A war of words is going on between Emirates Airline and Air Canada, and the stakes are a lot higher than bragging rights at the next aviation conference. Canada has the world's 10th-largest economy, but Emirates is allowed only three flights to the country per week - something one official at the airline described as the equivalent of running a corner store but being allowed to open only on Mondays, Wednesdays and Saturdays.
Emirates serves only Toronto and uses its Airbus A380 superjumbos to balance the high demand with its limited slots. It would like to fly daily to the city, and to Vancouver and Calgary as well. But despite a two-year campaign by Emirates to win more access, Transport Canada, the government authority, has consistently said no. The transport agency does not seem to be ruling in the interests of ordinary Canadians, who would be able to fly to the Middle East and beyond from more Canadian cities, more often, and with shorter transit times than under their current options.
In whose interest has Transport Canada been ruling? The answer is Air Canada's. The flag carrier draws a lot of water in Canada and has nearly 25,000 employees. And it is ailing, as are many airlines today in the slow global economy. It took a C$1.02 billion (Dh3.68bn) loan package from the government last summer. The airline has hardened its rhetoric against Emirates, criticising a study the Dubai airline released last month.
The study, sponsored by Emirates, found that increasing the carrier's service to Canada, including extending flights to Vancouver and Calgary, would lead to more than 2,800 direct and spin-off jobs in Canada and generate US$480 million (Dh1.76bn) of additional economic activity in the country annually. With the expanded service, an additional 274,927 passengers would be transported to and from Canada annually, according to the research, which was conducted by the transportation consultancy InterVISTAS. Most of the economic benefits would come in the form of tourism, new business activity and taxes, the study said.
Air Canada's response was to call the report "fictional" and to urge the public to see through this "subterfuge". Air Canada has consistently spoken in terms of airlines fighting against each other, with itself as the home team underdog, when the real issue is consumer choice. Dubai recognised decades ago that it sat at the halfway point between the great economic centres in Europe and Asia. It invested in airport infrastructure and in Emirates Airline, buying state-of-the-art aircraft to span continents. Emirates has been steadily changing the way people fly because it offers them shorter flights with more entertainment options and other amenities.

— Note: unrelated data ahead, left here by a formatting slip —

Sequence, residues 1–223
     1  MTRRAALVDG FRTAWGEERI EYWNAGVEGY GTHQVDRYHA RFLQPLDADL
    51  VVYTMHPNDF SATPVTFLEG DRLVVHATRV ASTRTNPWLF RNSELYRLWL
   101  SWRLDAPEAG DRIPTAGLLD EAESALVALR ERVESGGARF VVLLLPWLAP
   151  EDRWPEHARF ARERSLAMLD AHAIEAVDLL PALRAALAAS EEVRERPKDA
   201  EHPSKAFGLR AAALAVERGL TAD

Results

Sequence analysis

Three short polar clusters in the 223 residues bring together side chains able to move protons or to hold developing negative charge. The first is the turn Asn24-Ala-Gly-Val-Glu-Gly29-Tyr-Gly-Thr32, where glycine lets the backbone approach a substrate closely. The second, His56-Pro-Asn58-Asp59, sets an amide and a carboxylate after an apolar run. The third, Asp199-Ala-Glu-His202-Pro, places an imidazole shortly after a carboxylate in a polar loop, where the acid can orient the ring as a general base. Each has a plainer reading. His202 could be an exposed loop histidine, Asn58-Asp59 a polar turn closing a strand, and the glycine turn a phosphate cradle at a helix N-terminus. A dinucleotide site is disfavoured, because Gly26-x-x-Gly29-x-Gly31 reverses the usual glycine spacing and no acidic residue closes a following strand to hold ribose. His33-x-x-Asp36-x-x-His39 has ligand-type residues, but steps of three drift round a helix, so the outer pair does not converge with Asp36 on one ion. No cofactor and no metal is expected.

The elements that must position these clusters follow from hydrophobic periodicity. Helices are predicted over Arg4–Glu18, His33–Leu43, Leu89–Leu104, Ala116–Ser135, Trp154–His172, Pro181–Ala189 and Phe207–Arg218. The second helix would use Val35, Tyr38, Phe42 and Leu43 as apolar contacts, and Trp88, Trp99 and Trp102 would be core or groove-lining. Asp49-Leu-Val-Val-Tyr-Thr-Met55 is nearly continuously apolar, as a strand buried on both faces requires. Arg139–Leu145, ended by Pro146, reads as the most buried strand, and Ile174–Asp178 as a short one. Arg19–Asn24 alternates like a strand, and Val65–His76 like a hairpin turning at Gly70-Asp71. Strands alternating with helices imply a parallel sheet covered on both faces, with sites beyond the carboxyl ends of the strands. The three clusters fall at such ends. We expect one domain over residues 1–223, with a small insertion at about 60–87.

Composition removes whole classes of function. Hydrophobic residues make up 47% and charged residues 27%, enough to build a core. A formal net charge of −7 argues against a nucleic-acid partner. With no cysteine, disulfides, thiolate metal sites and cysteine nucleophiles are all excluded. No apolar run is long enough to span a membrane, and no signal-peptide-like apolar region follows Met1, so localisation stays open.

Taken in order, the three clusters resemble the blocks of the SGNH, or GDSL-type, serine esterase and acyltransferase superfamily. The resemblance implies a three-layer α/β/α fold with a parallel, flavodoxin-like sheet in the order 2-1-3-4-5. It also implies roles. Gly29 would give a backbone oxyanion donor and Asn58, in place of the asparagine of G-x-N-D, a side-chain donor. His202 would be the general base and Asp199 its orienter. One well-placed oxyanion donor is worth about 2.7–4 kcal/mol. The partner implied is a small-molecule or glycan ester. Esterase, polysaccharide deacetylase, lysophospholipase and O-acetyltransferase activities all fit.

Calin Rovinescu, the chief executive of Air Canada, said this week that Emirates's strategy was "to scoop up travellers going elsewhere in the world and funnel them through Dubai, further strengthening Dubai as a global flow hub". He is exactly right, although what is unfair about this situation is not exactly clear. Bruce Cran, the president of the Consumers' Association of Canada, believes the Emirates-funded study deserves a fair examination.
"Air Canada is certainly saying they are wrong, but what would you expect?" he told the Toronto Star newspaper last week. "If this is a bad deal, and these figures are wrong, it's Transport Canada that should be telling us why they're wrong, or why they're right," he said. "If it is a good deal, let's get along and do it." What Air Canada and its Star Alliance may not want to accept in this case is that for the most part, air travel is a commodity. Customers really care about the ease of travel, and they want more flight options and shorter trips. As the world shrinks through globalisation, the reality is that the airline that happens to be sitting halfway between two points is much more attractive than one at either end.
Another part of the Air Canada rhetoric is that the carrier wants the Canadian government to disburse air rights between the UAE and Canada on the basis of the amount of traffic that starts and ends at either point. As might be expected, it then says Emirates serves no underlying demand for direct services between Canada and the Gulf, and that the current number of slots should be maintained. This is, of course, exactly the opposite of the Emirates model, and for that matter that of Etihad and Qatar Airways, the other Gulf-based long-haul airlines that rely on transfer traffic. A large part of their business, for example, comes from serving Indian expatriates visiting friends and relatives in places such as the US and Canada.
Air Canada has also in the past criticised Gulf airlines as receiving unfair subsidies and being "instruments of government policy". Such claims may subside now that the airline has received a financial lifeline from the Canadian government. Gulf airlines are indeed state-owned, and some have continued to rely on recapitalisations from their state owners as they work towards profitability - although this is not the case with Emirates, which is profitable.
Such support is nothing new. Governments have long thrown their financial support behind their national champions as a way to bring prosperity to all citizens. For his part, Sheikh Ahmed bin Saeed Al Maktoum, the chief executive and chairman of Emirates, is taking a more sanguine approach, at least in public. "I'm sure there will be progress," he said. "Bilaterals sometimes take some time." email@example.com